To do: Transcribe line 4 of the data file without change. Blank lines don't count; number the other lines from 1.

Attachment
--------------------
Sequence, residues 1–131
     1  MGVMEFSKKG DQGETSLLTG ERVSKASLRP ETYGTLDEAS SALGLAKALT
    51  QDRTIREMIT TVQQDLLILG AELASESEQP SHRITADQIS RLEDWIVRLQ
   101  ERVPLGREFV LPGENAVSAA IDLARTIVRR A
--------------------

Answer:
   101  ERVPLGREFV LPGENAVSAA IDLARTIVRR A